Email marketing continues to be arguably the most cost-effective digital marketing channel for a huge number of companies. But, just because it is often successful doesn’t mean that marketers can rest on their laurels, send out quickly pulled together email creative and wait for the conversions to start rolling in.
Optimizing your email program includes a wide variety of strategies and tactics, including increasing deliverability, driving higher open rates, and once you have recipients opening your emails – delivering engaging content. These days, email creative can include images, videos, interactive elements, along with more traditional text content or copy.
While great design and other graphic elements can play a big role in email campaign performance, the copy still largely takes center stage. Writing engaging email copy is as much art as science and there are few universal rules about what works and what doesn’t. However, there are a number of best practices that can help ensure your email copy has the best chance to connect with your recipients.
Here are three tips for writing more effective, engaging, and response driving copy for your next email campaign.
1. Write for your Audience – Not for Yourself
This is one of the cardinal sins in marketing copy in general, not just email. As writers, we often write in a way that we personally find interesting and compelling. Whether it’s the writing style or the actual content we write about, It’s easy to create copy that we would like to read ourselves.
The same goes for the value proposition within the marketing copy. Many marketing writers get focused on what they believe are the key benefits of their product or service and make that the central point of their content.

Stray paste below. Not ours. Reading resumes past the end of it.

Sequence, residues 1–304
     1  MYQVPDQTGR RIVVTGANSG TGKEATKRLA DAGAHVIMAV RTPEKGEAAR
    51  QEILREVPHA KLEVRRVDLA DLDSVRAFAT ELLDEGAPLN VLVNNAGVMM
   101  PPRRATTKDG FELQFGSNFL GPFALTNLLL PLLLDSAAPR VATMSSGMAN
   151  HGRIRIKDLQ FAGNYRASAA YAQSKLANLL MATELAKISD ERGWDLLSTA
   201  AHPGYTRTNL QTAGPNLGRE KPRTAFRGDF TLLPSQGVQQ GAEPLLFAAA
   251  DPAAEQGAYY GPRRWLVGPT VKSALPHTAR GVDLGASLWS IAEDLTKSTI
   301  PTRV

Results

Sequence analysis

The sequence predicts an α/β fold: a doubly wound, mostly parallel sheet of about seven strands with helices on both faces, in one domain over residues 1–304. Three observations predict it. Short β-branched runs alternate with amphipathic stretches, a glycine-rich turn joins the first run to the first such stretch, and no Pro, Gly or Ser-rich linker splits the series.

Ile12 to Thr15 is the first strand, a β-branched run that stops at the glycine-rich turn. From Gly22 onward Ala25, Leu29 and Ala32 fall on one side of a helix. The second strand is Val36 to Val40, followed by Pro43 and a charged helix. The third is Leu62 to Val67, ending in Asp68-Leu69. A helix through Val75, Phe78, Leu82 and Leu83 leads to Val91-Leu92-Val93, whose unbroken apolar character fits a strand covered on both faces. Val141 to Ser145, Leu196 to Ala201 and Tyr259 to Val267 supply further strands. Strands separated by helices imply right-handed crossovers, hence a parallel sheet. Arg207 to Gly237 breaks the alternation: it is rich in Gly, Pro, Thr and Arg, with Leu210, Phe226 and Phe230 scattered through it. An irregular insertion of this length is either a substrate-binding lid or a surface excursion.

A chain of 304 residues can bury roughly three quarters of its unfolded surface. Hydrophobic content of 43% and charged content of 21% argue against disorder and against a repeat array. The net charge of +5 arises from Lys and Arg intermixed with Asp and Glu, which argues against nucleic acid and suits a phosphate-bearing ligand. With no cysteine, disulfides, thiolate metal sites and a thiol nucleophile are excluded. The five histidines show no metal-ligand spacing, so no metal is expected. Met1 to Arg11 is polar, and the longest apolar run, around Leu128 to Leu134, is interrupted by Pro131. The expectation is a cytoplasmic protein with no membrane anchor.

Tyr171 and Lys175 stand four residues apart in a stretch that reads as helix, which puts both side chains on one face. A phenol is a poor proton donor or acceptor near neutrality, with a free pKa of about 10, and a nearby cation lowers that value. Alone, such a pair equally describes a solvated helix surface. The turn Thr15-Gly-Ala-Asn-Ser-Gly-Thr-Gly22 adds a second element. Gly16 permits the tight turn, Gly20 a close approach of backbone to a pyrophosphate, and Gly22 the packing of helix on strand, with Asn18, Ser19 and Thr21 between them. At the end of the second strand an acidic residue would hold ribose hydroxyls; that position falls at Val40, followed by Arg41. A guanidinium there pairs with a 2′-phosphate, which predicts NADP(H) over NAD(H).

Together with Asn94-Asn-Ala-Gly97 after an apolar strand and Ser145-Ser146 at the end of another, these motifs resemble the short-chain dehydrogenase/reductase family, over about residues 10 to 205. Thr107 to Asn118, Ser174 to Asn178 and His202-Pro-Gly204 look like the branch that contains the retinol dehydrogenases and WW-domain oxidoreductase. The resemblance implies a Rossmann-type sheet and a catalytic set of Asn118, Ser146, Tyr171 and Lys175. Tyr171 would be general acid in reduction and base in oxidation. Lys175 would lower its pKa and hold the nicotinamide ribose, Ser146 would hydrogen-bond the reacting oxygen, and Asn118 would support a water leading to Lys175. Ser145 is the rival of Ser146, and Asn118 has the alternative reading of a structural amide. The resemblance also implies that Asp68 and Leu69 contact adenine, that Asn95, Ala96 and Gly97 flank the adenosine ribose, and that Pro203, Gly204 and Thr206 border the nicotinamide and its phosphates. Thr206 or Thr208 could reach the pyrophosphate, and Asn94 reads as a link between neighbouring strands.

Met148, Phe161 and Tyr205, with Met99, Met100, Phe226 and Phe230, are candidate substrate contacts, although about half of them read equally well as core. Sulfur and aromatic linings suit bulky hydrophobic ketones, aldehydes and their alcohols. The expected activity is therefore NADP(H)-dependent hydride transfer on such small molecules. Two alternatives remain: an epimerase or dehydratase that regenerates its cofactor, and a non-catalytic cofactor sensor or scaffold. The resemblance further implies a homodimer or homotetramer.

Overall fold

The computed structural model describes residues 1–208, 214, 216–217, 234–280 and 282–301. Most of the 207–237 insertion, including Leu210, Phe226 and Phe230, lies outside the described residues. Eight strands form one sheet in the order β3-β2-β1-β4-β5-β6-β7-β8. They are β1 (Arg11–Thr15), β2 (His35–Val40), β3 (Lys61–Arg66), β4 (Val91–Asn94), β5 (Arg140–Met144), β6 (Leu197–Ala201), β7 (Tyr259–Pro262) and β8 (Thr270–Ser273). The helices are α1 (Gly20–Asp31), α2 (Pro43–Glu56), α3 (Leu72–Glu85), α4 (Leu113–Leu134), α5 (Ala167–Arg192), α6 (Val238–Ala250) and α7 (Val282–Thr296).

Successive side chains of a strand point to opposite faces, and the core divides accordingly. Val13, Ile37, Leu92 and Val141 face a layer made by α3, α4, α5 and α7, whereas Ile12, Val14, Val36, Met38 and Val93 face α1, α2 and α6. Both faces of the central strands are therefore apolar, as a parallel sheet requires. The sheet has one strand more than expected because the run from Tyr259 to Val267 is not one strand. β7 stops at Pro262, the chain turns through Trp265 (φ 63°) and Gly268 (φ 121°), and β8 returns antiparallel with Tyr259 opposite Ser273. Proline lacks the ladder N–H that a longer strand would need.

In each case, it’s important that marketers always keep their target audience in mind. What will the audience find interesting? What problem or challenge will your product help them overcome? Why does your service matter to them?
This can be particularly challenging if your target audience is significantly different than the members of your marketing team. Different demographics, psychographics, geographic location, etc. are all things that your team needs to adapt to in order to connect with your target audience.
2. Think Mobile
There’s a better than 50% chance you are reading this article on a mobile device, based on the fact that mobile became the predominant device for accessing digital content in the past year. With mobile devices come smaller screens, the mobile phone screen being the smallest of them all (not including wearable devices like the iWatch). Numbers suggest that over 60% of emails are now read on mobile devices, rather than desktop.
With the smaller screen comes less visual real estate for your email content to display on, once a recipient clicks on it to read. From a design standpoint, this impacts the size and types of images you may want to include in the creative. But, it also impacts the copy your write.
Think about whether your recipients are likely to scroll through a long email on their phone. Maybe they are, and if you have the results to back that up, then you can write longer email copy. But, remember that what seems like longer email copy on a phone, still may be relatively short when displayed on a larger desktop computer screen.
The key here is to start by trimming down your email copy to the essentials and then testing various email lengths to verify the impact of longer or shorter copy on campaign performance. If you start out by being clear and concise in your copy, in most cases you’re getting off on the right foot.
3. Remember the Call-to-Action
It may seem like it goes without saying, but it’s absolutely vital to focus on your call-to-action. This is the single most important part of your email copy. You can write the most engaging email content that anyone has ever read, but if you have a weak call-to-action, the email won’t perform and you waste all that recipient engagement.
A good call-to-action is generally simple and makes it easy for your audience to not only understand what you want them to do (click on a link, download a piece of content, buy your product, etc.) but then make it obvious and easy to actually do it.
Make the call-to-action easy to identify, but also be sure it fits with the rest of your content. If you’ve gone with a consultative sales approach in a sales email, you may not want to throw in a big flashing BUY NOW! Button. But, like every other element of your email creative, the best way to identify what works best is to test various approaches. In the end, the results will tell you what you need to know, even if they run counter to your own instincts on what will drive the best performance.